The V6 AWD is es­sen­tially what the cur­rent SV6 is, but smoother & suave

Wheels (Australia) - - Headtoheaod -

strong­est ini­tial im­pres­sion. It’s ex­cel­lent. Feed­ing through plenty of in­for­ma­tion even at straight-ahead, guided by the same de­light­fully tac­tile and per­fectly sized wheel as in the As­tra, it’s a cru­cial high-point of the ZB Com­modore’s dy­namic ex­pe­ri­ence.

It’s won­der­fully light at park­ing speeds, span­ning 2.7 turns lock-to-lock in the V6 (2.8 turns in the four, with its slightly tighter 11.1m turn­ing cir­cle), but ut­terly seam­less in the way it firms up as speeds rise. “Speed blend­ing” is what Tru­biani calls it, and they’ve nailed it. In­creased hard­ware and a heav­ier en­gine ac­count for the V6’s slightly meatier weight com­pared to the 2.0-litre, but both de­liver beau­ti­fully crisp feel, and the V6’s dash of ex­tra heft seems per­fectly in keep­ing with its ballsy per­son­al­ity. qui­eter, too, though nei­ther of the new cars have their full “N and V” (noise and vi­bra­tion) pack­ages in­stalled. And the VFII’S loungier seats some­how suit its more im­pe­ri­ous feel.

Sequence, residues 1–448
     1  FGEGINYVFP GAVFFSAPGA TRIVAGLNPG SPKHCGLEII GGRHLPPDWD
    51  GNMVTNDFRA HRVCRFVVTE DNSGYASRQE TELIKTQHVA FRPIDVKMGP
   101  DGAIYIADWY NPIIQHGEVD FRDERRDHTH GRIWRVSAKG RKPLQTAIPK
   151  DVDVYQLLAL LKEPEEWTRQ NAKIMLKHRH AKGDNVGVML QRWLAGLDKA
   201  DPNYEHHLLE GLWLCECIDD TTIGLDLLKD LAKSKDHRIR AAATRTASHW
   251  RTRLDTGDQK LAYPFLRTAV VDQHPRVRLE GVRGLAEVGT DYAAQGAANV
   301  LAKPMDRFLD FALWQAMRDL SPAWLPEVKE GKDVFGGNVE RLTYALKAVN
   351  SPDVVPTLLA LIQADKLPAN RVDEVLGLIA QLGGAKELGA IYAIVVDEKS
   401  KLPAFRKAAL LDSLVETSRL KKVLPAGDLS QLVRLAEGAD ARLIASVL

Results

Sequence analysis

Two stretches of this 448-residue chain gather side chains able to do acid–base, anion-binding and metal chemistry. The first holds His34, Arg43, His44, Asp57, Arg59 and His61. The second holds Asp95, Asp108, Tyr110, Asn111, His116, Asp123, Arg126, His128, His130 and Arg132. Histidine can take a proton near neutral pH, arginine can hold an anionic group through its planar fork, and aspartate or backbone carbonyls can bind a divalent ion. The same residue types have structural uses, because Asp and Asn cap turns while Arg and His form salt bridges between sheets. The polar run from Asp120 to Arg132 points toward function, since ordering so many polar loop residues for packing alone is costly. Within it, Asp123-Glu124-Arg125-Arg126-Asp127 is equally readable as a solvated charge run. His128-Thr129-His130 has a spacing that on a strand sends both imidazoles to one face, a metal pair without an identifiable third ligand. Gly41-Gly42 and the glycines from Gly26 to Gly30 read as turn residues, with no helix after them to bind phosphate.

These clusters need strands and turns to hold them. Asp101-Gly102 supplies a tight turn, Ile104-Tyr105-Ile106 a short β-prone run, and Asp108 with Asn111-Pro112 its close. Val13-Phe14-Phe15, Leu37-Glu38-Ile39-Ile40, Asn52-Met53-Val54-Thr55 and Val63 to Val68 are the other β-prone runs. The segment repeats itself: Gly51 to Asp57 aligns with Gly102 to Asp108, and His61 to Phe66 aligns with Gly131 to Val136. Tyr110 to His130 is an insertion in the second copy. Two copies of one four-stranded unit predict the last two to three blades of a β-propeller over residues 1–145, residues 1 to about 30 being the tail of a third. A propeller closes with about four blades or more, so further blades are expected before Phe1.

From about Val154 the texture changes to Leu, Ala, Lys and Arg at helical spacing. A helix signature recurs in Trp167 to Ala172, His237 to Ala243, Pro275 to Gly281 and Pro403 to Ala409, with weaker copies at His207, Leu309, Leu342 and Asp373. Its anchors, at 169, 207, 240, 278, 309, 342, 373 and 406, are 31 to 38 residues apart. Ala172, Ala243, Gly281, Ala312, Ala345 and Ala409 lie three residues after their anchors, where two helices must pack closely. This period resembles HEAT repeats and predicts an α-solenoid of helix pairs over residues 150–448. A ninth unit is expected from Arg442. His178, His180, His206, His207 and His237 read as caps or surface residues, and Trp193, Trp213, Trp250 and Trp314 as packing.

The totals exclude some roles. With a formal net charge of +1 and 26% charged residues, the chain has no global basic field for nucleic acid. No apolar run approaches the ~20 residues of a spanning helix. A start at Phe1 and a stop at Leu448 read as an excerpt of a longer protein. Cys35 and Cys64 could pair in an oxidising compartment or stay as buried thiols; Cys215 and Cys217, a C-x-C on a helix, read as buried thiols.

Just near Mir­boo North, we di­vert east on a 36km loop to the town of Boolarra, then along the bril­liant Boolarra-mir­boo North Road to just past Dar­limurla for proper back-to-back dy­namic test­ing.

With Holden en­gi­neer Henry Wein­lich set­ting a crack­ing pace, I bring up the rear in the VFII Calais and start to re­alise this is all a bit like history re­peat­ing it­self. If the Ger­man ZB is the spir­i­tual rein­car­na­tion of the orig­i­nal 1978 VB Com­modore, then I’m in a lat­ter-day HZ Premier, the last of the old school be­fore youth and tech­nol­ogy take over. It’s a slightly

Newspapers in English

Newspapers from Australia

© PressReader. All rights reserved.